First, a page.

Removing Damaging And Inaccurate Content From The Internet
“It takes 20 years to build a reputation and five minutes to ruin it” – Warren Buffett
How do people talk about you online? Are they always fair? What if you or your company came under criticism, or even under threat of an online attack on your reputation?
The way you, your company or your brand are discussed online will usually reflect how reliable people think you are, how they feel about the quality of your business’ products and services, how they view your integrity. In the digital age, this is hugely important, especially for your current or future customers. Any damning information - even if is it completely false - could damage your reputation for years to come.
Sadly, no one is safe. The internet is giving voice to more authors than ever before, across an ever wider range of digital platforms. Most use the internet for legitimate purposes, but many do not. Anyone can share and spread content at the click of a button, often encouraged by the anonymity some platforms allow. The internet has also exposed us all to the risk that someone will hack into your system and leak private material, even the most intimate photographs and videos.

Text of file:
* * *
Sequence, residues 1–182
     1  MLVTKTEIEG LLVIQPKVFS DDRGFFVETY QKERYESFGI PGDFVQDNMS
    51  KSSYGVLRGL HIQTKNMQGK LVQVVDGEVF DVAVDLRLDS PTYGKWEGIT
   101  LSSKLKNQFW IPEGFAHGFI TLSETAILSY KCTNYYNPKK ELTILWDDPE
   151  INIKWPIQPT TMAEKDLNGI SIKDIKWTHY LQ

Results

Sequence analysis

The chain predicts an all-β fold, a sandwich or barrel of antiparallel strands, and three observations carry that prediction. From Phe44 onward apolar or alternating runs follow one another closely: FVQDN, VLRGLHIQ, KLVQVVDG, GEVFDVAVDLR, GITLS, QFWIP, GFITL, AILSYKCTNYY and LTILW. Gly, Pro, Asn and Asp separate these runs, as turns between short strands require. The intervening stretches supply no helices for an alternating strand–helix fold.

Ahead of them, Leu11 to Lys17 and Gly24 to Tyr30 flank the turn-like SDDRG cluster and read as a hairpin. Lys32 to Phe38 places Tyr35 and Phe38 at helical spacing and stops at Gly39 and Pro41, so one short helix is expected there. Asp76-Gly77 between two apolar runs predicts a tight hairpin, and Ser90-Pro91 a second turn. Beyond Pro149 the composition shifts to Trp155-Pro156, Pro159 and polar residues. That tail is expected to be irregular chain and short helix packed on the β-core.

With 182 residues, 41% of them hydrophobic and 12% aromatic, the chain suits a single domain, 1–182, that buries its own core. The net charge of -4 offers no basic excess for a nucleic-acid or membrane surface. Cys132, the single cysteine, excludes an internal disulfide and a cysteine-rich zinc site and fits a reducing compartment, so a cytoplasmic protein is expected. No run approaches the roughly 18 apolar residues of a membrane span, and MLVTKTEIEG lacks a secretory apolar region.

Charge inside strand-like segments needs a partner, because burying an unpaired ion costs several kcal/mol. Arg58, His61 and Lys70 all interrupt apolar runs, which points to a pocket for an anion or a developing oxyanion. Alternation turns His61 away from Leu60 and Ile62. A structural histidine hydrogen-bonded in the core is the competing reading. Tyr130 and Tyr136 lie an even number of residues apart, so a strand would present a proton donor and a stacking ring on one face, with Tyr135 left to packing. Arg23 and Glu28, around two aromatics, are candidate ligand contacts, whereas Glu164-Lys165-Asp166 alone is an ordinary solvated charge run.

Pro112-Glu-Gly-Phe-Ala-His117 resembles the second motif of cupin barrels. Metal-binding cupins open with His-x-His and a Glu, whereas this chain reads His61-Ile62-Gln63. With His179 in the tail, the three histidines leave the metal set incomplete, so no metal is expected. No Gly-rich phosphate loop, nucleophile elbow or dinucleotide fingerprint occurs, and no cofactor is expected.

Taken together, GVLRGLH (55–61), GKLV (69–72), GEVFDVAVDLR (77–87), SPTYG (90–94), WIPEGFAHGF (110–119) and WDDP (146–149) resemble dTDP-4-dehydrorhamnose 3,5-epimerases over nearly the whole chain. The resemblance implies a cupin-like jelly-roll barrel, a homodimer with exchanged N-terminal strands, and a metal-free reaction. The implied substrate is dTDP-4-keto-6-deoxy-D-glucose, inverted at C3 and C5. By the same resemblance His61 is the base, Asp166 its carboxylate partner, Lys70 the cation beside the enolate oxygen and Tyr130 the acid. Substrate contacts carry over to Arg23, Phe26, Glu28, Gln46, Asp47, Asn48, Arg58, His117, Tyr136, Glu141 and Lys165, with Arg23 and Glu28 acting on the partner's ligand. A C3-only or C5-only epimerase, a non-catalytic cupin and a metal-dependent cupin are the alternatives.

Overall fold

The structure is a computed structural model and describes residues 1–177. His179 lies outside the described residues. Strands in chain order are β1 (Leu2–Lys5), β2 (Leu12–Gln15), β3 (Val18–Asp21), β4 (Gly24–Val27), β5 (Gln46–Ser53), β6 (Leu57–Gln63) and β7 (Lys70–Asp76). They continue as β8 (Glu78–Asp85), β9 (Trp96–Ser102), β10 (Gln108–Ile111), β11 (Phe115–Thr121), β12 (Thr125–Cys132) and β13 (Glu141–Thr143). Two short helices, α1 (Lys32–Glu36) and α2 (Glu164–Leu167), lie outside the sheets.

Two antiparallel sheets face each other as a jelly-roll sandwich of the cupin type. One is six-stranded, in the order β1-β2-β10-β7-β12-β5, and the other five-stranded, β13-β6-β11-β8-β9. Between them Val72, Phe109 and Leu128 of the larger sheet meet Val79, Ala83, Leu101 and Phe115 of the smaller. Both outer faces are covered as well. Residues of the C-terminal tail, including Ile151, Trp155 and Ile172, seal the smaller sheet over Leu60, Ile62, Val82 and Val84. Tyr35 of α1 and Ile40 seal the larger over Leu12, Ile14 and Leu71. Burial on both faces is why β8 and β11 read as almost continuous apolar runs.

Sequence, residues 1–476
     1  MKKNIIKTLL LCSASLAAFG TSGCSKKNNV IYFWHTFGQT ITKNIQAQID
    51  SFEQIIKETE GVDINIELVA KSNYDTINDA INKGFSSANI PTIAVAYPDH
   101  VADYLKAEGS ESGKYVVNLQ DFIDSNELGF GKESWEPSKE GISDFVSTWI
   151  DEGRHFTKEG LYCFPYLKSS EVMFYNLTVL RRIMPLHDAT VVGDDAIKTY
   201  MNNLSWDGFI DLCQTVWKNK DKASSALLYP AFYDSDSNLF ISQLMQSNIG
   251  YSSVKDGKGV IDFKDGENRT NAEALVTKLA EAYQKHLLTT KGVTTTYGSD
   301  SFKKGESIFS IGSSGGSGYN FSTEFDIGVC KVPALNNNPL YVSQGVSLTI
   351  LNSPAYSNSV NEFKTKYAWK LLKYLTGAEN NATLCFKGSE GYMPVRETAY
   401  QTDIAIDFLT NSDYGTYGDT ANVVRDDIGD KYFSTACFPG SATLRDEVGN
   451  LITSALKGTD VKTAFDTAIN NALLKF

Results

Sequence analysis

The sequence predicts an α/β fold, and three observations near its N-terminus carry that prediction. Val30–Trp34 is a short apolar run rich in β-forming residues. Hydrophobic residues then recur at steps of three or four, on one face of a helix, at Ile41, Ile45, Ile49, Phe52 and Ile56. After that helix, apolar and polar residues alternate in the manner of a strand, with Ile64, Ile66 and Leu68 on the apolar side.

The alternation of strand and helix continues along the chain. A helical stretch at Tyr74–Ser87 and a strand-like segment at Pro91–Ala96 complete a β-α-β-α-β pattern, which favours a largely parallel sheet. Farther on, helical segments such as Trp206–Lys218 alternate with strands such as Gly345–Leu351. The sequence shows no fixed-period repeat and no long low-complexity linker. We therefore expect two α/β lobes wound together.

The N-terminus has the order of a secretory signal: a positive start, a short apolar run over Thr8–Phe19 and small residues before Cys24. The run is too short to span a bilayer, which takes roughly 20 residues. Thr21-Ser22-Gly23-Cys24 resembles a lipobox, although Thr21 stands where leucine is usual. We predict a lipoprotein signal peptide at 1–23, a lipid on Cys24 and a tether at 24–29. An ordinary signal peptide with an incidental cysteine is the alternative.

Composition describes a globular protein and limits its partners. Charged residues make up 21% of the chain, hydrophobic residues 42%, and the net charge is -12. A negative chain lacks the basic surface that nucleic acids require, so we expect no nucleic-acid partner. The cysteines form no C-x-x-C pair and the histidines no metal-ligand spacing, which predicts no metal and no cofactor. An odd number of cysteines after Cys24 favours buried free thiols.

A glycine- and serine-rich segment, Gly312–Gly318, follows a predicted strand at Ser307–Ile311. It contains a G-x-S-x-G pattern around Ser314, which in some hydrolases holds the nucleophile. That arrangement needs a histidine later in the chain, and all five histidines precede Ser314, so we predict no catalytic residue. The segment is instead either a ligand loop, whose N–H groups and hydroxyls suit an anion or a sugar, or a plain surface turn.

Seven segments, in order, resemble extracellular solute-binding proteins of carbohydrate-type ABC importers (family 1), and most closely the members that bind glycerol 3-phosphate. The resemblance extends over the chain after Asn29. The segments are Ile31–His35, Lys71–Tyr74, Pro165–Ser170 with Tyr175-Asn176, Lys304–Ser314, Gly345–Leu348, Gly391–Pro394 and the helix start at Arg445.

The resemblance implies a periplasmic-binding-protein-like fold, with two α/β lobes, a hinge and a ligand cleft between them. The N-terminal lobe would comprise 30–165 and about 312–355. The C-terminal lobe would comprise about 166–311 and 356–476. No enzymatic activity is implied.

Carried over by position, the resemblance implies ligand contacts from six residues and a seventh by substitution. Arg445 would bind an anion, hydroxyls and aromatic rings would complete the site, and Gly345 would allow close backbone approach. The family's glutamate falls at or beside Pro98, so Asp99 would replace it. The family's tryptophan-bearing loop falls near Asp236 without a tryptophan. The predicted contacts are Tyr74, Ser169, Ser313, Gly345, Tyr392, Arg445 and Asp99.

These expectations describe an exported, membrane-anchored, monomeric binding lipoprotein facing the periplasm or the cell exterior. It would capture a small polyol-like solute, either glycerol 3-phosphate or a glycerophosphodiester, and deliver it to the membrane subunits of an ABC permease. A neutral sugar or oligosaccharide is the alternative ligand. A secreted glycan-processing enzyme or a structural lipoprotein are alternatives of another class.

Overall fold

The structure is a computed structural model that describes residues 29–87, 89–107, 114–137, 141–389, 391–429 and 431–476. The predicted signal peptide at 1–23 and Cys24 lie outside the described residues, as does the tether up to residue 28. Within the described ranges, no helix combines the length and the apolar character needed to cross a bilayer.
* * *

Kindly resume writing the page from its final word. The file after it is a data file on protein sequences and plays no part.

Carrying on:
What can I do if my reputation, or my company’s, is being damaged online?
Potentially damaging information can surface via the traditional media, independent websites, blogs, social media platforms or suggestions and links contained in search engines.
If there is reason to believe this may happen, it is imperative that the individual or companies involved are aware of the potential mechanisms available to protect themselves.
The first step is usually to complain directly to the relevant website and/or to the search engine(s) demanding the immediate take down of the relevant damaging information. In addition to the relevant law, breach of the search engines’ own terms and conditions can often be claimed and of any other applicable terms and conditions.
If that doesn’t work, the next step could include bringing proceedings for one or more of the following:
- misuse of private information
- breach of copyright
- making a complaint under the Data Protection Act 1998 (DPA) (including the so-called “right to be forgotten”).
Combining these options can increase the likelihood of removing, delisting or rectifying inaccurate information or personal data. It can therefore increase your chances of preventing or reducing potential damage to your or your organisation’s reputation. Another potential option is a complaint to the Information Commissioner’s Office (ICO) in relation to breach of the DPA.
“That is stunning work. Thank you—I cannot tell you how relieved I am, amazingly fast result.” (Author)
- When a prominent academic’s personal photographs were shared all over the internet, we got them taken down from newspaper websites, other sites, blogs and Twitter, and in the delisting of over 130 images from various search engines. The initial intensive work was followed by regular searches and web monitoring to ensure any new content was removed quickly